Medicare Doc Fix Approved by House


Medicare and Legislation

 

Legislation to postpone Medicare reimbursement reduction for physicians was approved by the house.  In a bipartisan vote, the 23% reduction was scheduled for December 1st 2010 to January 1st, 2011.  The legislation was enacted and Obama’s signature was needed.  Additional legislation would be needed for the postponing of a 25% cut scheduled for New Years.  The House also introduced a bill that would postpone further cuts until January 2012.  The Congressional Budge Office noted that it would cost up to a billion dollars over a decade if the cut is delayed until Jan 2011.  That billion dollar cost will be offset with savings from other Medicare reimbursement cuts.  Those cuts included multiple outpatient therapy rates which included speech and physical therapy.

 

Medicare Overspending and Rate Reductions

 

Medicare and DoctorsTurning away from deficit spending, Congress is looking for money in cuts and hikes in revenue to offset Medicare rate reductions.  The AMA stated that by extending cuts to Medicare up to Jan 2012, the Treasury will have to pay out approx. fifteen billion.  By postponing physician pay cuts, Congress is attempting to produce a fix for the Medicare reimbursement problem.  This would amount to revising or removing the sustainable growth rate formula.  This formula was originally enacted by Congress in ’97 to control Medicare spending at the time.  It was meant to controls the costs so that Medicare could recover what was overspent.  The formula set a yearly target for physician services payment.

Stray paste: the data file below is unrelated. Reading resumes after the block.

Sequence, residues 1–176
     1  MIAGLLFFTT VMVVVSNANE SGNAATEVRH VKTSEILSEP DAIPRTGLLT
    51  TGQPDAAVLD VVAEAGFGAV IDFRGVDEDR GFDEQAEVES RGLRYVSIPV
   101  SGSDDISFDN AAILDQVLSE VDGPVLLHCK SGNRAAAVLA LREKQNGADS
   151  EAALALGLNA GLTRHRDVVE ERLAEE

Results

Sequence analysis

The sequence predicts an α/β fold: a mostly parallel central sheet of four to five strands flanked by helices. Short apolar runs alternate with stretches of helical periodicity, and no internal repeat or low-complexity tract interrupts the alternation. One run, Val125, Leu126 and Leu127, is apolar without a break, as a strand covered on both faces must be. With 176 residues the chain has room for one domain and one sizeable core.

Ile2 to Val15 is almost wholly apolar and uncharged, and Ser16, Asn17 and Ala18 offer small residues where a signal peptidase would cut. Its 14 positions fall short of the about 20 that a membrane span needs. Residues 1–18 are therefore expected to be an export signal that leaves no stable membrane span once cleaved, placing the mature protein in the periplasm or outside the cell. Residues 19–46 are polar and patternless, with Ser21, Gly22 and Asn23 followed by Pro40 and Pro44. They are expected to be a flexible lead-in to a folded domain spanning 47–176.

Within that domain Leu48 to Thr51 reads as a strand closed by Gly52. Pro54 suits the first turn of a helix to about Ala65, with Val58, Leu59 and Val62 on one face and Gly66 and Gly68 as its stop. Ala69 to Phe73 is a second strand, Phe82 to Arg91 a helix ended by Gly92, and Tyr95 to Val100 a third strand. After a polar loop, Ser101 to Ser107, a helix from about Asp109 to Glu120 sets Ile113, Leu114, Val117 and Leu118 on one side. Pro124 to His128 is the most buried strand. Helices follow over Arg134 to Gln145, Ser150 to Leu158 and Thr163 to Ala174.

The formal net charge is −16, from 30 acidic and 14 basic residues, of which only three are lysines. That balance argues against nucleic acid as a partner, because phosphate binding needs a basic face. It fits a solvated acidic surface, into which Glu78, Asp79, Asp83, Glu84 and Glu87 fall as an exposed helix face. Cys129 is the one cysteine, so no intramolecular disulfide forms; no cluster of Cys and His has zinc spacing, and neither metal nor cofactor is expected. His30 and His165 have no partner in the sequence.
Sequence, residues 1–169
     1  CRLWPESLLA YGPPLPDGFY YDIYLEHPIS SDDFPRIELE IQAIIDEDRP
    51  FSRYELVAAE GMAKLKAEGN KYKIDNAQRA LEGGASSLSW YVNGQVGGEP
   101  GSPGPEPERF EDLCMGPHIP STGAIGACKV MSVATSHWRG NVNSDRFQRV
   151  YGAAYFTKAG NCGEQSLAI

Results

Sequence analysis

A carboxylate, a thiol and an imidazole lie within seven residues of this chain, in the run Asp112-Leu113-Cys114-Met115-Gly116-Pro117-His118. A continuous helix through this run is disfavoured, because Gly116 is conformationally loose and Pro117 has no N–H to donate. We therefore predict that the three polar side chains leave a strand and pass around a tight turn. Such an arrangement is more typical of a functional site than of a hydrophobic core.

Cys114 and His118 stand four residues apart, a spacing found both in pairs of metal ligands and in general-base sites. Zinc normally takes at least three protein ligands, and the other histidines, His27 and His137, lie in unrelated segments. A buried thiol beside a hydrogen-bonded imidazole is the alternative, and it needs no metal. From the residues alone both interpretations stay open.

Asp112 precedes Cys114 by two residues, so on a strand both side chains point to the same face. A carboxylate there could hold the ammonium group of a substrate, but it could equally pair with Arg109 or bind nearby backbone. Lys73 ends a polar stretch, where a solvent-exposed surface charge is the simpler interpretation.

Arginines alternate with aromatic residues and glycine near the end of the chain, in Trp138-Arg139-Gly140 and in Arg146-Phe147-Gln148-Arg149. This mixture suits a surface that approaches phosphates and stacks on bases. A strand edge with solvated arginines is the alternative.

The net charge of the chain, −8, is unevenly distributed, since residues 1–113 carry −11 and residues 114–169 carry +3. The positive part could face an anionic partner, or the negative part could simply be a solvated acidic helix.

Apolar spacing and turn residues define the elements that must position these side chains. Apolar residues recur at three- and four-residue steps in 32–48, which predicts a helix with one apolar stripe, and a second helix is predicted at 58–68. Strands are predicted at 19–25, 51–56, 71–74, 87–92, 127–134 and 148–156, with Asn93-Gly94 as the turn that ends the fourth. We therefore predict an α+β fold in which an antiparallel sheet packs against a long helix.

The Delayed Doctor Reimbursement Cuts

 

Since 2003, doctors have had to face cuts based off of the formula each year but have never experienced one because Congress has delayed every one of them.  Many in the medical community consider the formula as seriously flawed.  The very fact that a physicians practice grows much faster than the gross domestic product is proof enough that the formula can’t work.  There are some that are campaigning to have doctor’s reimbursement attached to the MEI or Medicare Economic Index.  This is the index that monitors inflation in comparison to actual costs of a practice which is a much more accurate formula.

The problem will continue to escalate each year until Congress can put in a permanent fix.  It will take further support from the medical community as well as bi-partisan voting to further the agenda of fixing Medicare.

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